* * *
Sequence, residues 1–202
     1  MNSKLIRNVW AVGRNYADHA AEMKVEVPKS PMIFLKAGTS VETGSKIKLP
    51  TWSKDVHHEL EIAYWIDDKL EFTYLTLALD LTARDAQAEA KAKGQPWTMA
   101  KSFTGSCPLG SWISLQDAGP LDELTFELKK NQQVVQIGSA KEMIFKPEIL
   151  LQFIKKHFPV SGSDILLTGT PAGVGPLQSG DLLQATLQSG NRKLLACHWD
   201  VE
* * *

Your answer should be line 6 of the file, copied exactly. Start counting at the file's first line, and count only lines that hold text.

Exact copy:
   201  VE